Raitt also played a short set, but not without bringing along special guests Tracy Chapman and Joan Baez. Raitt, an activist herself, performed “America’s Children,” saying “I performed this at the peace march [in San Francisco].”
All artists performed for free, only asking to be paid for their expenses. Guest speakers included Flea, from the Red Hot Chili Peppers, and Woody Harrelson. Comedian Andy Dick performed three songs, with members of his band, The Bitches of the Century, ending his set by jokingly wishing Hitler a Happy Birthday, since it was April 20th. We the Planet sponsored 59 non-profit organizations, including the SF Surfrider foundation and Code Pink. The festival succeeded in joining activism and good entertainment for a good cause, all while creating minimal waste, thanks to attendees not leaving much trash behind, and bringing their own reusable silverware and drink containers. Butterfly summed up the festival’s message to the audience. “You’ve all heard that one person can make a difference, but what you don’t know is, look at all the people here today–one person does make a difference.”
Alanis, Cake Rock “Planet”
San Francisco environmental benefit a breath of fresh air by: Andrew Strcikman, Rolling Stone,
April 21, 2003
Easter Sunday’s We the Planet concert in San Francisco’s Golden Gate Park felt more like an intimate family gathering than a large-scale outdoor festival. Featuring performances by outspoken artists like Alanis Morissette, Cake, Bonnie Raitt, De La Soul, Concrete Blonde and the Coup, the event, hosted by environmental activist Julia Butterfly Hill and produced by her Circle of Life organization, raised awareness about how individuals can help sustain Earth’s natural resources.
Practicing what it preached, the concert was powered entirely by solar and bio-diesel power. And Hill promised from stage that any emissions created by the transportation of the artists to the show were being “given back” to the environment through wind generated power delivered “back to the grid.” And all of the artists and speakers donated their time.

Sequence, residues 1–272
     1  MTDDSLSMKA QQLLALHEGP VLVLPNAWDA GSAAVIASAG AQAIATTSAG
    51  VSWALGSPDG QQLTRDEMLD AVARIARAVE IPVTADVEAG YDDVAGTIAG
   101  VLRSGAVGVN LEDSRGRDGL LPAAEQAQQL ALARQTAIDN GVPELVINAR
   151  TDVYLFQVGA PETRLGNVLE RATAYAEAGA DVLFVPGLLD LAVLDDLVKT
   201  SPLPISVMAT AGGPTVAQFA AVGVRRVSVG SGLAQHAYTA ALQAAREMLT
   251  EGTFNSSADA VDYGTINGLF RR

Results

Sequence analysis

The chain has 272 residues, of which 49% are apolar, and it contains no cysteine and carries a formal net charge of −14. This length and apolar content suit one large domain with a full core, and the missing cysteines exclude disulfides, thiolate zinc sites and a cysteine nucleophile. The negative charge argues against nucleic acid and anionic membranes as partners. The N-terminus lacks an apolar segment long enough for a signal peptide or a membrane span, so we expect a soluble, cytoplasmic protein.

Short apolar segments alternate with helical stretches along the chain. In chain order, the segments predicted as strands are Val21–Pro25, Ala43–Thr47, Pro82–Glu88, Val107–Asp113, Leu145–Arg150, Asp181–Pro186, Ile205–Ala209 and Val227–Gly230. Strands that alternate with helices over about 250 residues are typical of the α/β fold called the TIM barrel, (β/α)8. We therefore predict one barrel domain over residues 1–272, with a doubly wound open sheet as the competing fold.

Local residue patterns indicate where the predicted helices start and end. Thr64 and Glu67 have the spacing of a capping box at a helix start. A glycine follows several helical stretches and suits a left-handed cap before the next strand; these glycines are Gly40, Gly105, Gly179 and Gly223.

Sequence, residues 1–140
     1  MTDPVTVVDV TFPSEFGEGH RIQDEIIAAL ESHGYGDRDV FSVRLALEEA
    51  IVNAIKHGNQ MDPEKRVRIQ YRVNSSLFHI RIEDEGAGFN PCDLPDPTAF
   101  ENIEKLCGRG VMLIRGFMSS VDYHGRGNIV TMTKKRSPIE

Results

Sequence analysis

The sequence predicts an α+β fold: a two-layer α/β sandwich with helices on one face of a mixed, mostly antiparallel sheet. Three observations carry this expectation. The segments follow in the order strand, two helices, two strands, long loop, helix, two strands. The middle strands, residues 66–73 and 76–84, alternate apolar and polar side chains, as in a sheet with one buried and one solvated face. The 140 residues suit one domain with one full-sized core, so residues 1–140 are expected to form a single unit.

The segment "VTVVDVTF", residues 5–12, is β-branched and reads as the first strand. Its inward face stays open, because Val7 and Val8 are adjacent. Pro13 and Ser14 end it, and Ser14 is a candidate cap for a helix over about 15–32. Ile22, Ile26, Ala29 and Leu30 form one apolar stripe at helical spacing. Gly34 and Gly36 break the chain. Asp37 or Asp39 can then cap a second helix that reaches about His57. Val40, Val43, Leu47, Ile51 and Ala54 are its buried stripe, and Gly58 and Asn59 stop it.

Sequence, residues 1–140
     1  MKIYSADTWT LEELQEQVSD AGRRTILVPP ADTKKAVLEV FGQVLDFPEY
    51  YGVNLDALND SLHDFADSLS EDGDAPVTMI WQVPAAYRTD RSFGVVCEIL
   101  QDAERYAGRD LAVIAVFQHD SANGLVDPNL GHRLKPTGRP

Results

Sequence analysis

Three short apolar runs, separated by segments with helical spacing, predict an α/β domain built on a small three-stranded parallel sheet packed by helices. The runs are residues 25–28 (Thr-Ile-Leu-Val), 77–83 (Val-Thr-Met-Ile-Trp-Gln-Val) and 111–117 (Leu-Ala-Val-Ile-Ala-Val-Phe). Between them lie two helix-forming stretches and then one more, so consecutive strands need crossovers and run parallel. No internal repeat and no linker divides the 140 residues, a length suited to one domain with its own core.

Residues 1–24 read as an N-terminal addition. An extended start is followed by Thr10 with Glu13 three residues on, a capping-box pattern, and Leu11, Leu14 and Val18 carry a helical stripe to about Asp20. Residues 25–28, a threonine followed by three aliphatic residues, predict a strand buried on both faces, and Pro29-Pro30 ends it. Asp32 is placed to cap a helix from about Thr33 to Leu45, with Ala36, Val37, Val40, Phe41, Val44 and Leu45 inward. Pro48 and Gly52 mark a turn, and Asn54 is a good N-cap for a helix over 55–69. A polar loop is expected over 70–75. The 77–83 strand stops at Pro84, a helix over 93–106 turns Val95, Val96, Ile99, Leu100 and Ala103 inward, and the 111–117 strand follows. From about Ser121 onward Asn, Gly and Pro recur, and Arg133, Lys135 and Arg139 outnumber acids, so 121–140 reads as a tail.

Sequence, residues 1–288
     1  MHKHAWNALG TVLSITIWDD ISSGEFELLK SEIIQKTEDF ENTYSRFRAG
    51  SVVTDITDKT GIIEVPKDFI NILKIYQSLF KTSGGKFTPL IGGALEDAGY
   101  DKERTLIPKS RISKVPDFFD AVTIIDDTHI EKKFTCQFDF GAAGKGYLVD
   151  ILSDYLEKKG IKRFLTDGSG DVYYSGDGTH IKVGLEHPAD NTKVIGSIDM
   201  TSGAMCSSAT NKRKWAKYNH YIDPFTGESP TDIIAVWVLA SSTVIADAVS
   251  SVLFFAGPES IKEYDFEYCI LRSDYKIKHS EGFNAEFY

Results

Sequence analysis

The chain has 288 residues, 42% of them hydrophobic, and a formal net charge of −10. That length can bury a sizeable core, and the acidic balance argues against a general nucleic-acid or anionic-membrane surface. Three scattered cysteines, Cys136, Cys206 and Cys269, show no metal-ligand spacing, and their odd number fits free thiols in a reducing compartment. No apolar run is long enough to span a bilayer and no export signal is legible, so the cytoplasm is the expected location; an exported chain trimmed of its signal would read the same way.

De La Soul got the crowd moving with their set of classic rhymes reaching all the way back to 3 Feet High and Rising and closing with a rousing version of “Me Myself and I.”
Hill’s celebrity friends, including Woody Harrelson and Flea, testified to the crowd about how little things can make a big difference. Flea talked about how the Chili Peppers’ decision a year ago to use tree-free products to develop the packaging for By the Way created a ripple effect, to the point where Warner Bros. Records has agreed to only use tree-free products in all CD packaging moving forward. “27,000 tons of paper pulp was saved this year by Warner Bros. action,” Flea reported to cheers.
The Red Hot Chili Peppers bassist then introduced Alanis Morissette, who performed a short acoustic set of tracks spanning her career, including a crowd-pleasing “Ironic” and a flute-tinged “That I Would Be Good.”
Cake got the crowd back on its feet. Vocalist John McCrea led sing-alongs of “Sheep Go to Heaven” and the apt “Rock ‘n’ Roll Lifestyle,” where the lyric “excess ain’t rebellion” was not lost on the crowd.
The single greatest moment of the show came during Bonnie Raitt’s set, when she brought out Tracy Chapman to join her on a duet of “Angel From Montgomery.” The song was soothing and extremely beautiful in its simplicity, while Chapman’s uncompromising voice and wide smile added another dimension to the John Prine song. Following a duet with Joan Baez on a spiritual the two sang to Hill during her two-year stint living in a California redwood tree, Raitt strapped on an electric guitar and closed her short set with “Thing Called Love.”
Bonnie Raitt & Tracy Chapman performing in front of 10,000 event attenders
As the stage was being set for the Coup’s closing performance, comedian Andy Dick performed a series of hysterical “songs,” including a recent composition about the joys of hemp. “Everybody smoke pot,” he chanted. “I mean, grow it. Hemp!”
Toning down his usually caustic rhetoric a few notches, Coup frontman Boots Riley closed the show leading a live funk band through its paces as he spewed out raps including “5 Million Ways to Kill a CEO.” Riley and second MC E-Roc got the crowd — and their fellow performers — pogoing along to a funky rhythm: A look stage left revealed Raitt grooving, a look stage right had Joan Baez waving her hands in the air like she just didn’t care. It was just that kind of afternoon in Golden Gate Park.
- We The Planet – By: Pollstar, Sun, Mar 23 2003
Earth Day festivities are underway in San Francisco. The We The Planet festival is set for April 20 at Speedway Meadow in Golden Gate Park. There will be music, speakers and on-site demonstrations of conservation efforts.